Veterans across the U.S. are finding an extraordinary source of relief from their pain and PTSD thanks to floatation therapy, an alternative treatment for physical and emotional ailments.’

Floating’ consists of laying in a small pool filled with 10 inches of salt water containing roughly 1,000 pounds of magnesium sulfate – or as its more commonly known, Epsom salt. The high levels of salt counteract the effects of gravity, allowing the patient to float gently on top of the bed of water.

The water is heated to around 94.2 degrees Fahrenheit – about the same temperature as the human body – which creates the sensation of being suspended in air.

In the dark sound-free environment, the room, also known as a “sensory deprivation chamber” creates an atmosphere for meditation and deep contemplation, allowing the mind to enter the Theta state, which is the frequency at which the brain operates right before falling into deep sleep.

By depriving patients of sensory information, the experience allows for a safe and therapeutic environment with which veterans can experience significant relaxation—maybe even process past trauma.

Air Force veteran Trey Hearn was so convinced of the benefits of sensory deprivation for veterans, that he and his brother opened up Float Brothers in Destin, Florida. He told Military 1, he sees it as a way for the veteran to feel secure and safe enough to approach the suppressed traumatic events during a sort of “internal counseling session with themselves.”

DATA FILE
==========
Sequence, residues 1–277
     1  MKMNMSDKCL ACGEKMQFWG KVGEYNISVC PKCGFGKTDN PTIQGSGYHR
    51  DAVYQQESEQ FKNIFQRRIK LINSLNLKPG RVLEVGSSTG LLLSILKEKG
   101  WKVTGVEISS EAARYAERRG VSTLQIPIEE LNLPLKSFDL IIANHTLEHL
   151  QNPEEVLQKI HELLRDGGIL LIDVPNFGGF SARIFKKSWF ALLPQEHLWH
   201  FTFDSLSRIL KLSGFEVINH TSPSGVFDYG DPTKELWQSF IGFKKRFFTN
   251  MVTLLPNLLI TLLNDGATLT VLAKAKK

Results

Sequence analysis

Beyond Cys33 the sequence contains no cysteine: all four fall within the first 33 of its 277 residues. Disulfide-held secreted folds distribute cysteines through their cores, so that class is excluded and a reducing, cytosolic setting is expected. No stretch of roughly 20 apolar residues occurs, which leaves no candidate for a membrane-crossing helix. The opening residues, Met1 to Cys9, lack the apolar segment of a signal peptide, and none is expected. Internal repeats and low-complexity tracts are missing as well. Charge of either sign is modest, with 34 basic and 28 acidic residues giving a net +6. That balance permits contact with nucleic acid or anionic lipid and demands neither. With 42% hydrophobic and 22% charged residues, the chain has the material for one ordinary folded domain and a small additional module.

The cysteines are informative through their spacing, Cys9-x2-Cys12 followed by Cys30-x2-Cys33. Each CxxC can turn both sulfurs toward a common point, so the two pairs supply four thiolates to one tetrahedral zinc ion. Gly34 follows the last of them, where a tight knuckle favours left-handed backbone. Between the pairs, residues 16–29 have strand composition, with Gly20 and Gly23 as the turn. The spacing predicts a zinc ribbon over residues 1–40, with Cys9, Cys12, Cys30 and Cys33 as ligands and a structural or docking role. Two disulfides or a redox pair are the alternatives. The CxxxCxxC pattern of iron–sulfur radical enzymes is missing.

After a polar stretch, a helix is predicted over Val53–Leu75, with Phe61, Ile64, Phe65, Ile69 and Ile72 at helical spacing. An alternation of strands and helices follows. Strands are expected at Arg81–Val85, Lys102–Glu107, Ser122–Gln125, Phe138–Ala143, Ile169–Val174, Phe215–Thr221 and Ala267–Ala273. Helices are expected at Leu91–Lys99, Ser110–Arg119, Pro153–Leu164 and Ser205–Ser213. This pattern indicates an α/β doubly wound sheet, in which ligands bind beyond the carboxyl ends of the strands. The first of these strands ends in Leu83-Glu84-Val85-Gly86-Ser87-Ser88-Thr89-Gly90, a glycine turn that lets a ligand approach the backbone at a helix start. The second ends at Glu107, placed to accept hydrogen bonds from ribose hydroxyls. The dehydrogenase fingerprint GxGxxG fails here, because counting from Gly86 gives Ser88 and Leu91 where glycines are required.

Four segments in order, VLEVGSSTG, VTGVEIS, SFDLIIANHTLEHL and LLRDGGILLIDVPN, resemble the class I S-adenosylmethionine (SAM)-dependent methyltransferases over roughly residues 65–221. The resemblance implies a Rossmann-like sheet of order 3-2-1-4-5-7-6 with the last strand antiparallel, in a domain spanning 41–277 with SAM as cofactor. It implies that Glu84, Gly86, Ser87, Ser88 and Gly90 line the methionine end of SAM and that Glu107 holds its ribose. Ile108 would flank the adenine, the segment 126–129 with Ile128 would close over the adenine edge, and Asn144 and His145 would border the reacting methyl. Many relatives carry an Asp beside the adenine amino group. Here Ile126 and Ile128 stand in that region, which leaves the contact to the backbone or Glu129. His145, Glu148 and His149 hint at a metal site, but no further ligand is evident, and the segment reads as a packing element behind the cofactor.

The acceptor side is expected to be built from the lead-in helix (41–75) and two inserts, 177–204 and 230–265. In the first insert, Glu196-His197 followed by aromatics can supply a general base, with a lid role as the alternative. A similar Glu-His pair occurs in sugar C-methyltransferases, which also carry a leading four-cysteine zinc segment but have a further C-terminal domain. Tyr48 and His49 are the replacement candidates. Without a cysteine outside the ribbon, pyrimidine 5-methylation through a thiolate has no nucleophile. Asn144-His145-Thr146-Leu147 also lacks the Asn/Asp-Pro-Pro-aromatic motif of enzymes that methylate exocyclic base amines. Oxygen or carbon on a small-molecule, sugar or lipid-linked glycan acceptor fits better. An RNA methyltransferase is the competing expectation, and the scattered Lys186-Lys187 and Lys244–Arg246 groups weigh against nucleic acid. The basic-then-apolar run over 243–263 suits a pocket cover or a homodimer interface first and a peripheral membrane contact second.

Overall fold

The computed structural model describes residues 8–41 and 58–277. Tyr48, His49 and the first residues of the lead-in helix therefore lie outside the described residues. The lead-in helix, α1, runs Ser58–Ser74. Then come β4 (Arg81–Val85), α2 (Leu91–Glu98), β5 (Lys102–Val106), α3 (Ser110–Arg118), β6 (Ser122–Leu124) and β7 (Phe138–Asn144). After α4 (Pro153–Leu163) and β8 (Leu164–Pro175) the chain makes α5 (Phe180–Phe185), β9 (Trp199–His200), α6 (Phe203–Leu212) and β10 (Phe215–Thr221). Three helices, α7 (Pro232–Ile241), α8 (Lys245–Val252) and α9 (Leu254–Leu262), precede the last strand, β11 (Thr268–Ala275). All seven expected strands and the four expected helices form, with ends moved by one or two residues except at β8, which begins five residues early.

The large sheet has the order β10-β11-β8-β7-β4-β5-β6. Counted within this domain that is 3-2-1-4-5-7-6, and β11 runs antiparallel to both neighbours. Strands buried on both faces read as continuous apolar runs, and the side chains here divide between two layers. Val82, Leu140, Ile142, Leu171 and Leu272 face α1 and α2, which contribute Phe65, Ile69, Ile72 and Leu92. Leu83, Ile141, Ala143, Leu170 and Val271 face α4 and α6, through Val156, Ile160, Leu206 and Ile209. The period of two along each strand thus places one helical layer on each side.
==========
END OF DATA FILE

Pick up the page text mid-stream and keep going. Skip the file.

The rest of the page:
33-year-old Wesley Hernandez is a veteran who has been undergoing flotation therapy since June in Nashville, Tennessee. He says that it has had a dramatic impact on his health.

“The last time I went, I didn’t even want to get out of the water; it’s an escape from the stress and the drama,” Wesley told Good News Network. “It’s like a deep meditation.”

This 2014 study shows that patients who underwent floatation therapy experienced reductions in blood pressure, stress, anxiety, and physical pain, as well as improvements in sleep quality and optimism.

Wesley’s wife and caregiver Leah told GNN that it’s the best therapy they’ve found, so far.“Of all the therapies gifted to us by the Wounded Warriors Project, floating has been the one that he seems to want to do over and over.”

SOURCE: Good News Network